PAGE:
Smoked Sea Salt

By Jillian Bernardini - Feb 10, 2014 - 01:38 PM
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My sister finds the most unique gifts and trinkets. Perhaps it's due to our completely opposing locations of the US, she's living in LA and I am freezing up here in Boston, so we experience different surroundings and encounter incomparable purveyors. Well, and she has a keen eye towards obscure, artisanal products, and damn good taste.

With my hours spent oogling at food magazines and trying new recipes in the kitchen, she knows that some of my favorite gifts to receive are cooking-related. To my suprise, the overflowing drawer of dried spices, herbs, and varying colors of peppercorns in my pantry is missing one thing in particular.

Smoked Sea Salt: a type of finishing salt that consists of larger flake, or fleur de sel, crystals that are smoked over wood chips before placing into jars or containers. I thought it appropriate that my sister gifts me a Chardonnay oak-smoked sea salt, living in California and all, which will begin to rival my current obsession of garnishing everything from my box of Maldon flaky sea salt. 

Never tasting a smoked sea salt before, the taste brings me back to summers in New Jersey, surrounding a bonfire with friends, and how encompassing that smoky, charred wood aroma can become and remain in every piece of clothing and strand of hair for days. It's potency is strong, but so toasty and complex.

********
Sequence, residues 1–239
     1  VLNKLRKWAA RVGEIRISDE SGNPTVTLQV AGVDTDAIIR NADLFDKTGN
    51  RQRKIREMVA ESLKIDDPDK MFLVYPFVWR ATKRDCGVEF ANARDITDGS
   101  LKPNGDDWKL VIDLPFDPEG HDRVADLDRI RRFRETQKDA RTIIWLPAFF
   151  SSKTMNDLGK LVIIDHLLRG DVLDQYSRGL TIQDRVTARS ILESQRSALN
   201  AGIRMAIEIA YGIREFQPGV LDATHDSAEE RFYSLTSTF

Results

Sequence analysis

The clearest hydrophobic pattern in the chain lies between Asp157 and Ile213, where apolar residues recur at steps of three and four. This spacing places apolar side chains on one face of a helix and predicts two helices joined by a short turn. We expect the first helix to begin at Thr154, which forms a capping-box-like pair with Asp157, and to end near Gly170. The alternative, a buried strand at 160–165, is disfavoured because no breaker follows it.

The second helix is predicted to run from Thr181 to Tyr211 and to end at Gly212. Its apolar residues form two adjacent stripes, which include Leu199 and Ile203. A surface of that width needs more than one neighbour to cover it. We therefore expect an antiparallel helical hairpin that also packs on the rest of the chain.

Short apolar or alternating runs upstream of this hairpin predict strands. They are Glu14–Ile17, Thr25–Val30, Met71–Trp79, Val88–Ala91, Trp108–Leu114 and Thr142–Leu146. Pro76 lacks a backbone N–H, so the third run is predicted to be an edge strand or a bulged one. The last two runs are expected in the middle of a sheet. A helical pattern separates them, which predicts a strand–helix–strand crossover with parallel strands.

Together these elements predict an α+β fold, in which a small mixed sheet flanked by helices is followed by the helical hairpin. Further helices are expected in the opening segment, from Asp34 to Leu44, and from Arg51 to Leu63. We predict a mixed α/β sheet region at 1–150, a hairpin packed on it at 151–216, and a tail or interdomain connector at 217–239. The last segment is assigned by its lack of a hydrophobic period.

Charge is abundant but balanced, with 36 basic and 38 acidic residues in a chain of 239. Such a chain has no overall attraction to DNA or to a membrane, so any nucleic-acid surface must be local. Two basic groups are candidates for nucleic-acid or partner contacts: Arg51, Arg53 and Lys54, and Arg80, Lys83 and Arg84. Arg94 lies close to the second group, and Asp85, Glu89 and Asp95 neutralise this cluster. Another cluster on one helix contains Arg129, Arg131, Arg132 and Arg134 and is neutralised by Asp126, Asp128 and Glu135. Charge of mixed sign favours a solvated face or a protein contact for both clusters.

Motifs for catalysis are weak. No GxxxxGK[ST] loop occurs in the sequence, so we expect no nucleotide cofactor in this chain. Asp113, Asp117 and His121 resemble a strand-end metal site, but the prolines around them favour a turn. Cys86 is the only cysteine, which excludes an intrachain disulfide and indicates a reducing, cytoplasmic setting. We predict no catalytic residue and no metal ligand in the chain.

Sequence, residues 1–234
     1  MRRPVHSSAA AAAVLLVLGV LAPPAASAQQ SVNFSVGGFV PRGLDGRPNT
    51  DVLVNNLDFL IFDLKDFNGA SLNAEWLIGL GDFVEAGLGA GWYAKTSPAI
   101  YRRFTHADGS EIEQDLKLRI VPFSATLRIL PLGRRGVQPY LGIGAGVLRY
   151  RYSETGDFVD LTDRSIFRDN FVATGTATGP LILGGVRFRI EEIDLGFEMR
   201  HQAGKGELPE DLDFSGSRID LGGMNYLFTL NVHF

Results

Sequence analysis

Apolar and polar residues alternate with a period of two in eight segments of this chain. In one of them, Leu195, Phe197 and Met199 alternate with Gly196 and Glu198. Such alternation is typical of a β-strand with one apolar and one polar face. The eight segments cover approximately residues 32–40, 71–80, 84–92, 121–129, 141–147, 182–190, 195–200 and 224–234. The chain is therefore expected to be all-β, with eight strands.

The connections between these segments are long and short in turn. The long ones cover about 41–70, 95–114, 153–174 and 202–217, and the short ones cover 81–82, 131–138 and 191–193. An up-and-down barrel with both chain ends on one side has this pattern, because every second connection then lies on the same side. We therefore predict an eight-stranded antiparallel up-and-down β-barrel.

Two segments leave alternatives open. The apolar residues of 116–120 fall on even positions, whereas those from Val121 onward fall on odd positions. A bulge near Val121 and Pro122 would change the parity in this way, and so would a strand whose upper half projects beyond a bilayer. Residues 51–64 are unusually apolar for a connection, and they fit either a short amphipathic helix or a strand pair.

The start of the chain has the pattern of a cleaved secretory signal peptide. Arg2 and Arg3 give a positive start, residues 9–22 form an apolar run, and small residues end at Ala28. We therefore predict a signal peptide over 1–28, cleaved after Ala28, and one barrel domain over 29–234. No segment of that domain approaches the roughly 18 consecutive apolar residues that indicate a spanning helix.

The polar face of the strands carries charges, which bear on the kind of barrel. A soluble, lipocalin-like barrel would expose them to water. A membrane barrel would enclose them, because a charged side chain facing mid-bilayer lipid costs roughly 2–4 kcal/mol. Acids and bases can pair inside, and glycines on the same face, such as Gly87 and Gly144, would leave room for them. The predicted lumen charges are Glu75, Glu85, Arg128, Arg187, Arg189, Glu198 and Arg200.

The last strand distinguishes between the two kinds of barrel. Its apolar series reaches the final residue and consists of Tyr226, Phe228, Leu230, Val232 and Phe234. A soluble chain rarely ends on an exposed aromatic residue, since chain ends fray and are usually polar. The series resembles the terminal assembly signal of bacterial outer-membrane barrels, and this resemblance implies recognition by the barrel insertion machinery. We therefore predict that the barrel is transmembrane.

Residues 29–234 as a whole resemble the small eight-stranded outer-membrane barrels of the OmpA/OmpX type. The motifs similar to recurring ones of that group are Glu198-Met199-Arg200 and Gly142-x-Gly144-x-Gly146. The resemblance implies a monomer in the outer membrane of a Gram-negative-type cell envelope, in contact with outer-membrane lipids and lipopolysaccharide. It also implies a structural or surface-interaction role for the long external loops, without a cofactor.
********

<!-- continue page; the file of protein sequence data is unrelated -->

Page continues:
With such a robust flavor, adding this salt as a final garnish and in small quantities is key. You want to add another depth of flavor to roasted vegetables or poultry, not overpower or wholly mask the star of your dish. I gave a generous sprinkle of this sea salt to my roasted Brussels Sprouts, and they almost tasted like an invisible bacon essence had been tossed in before plating.

This is a great product to add to your cooking repertoire, especially if your grill is covered in a foot of snow and your craving that smoky, charred taste in your wintry recipes. What other smoked salts have you tried, or are there any other styles of salt that you have tried cooking with before?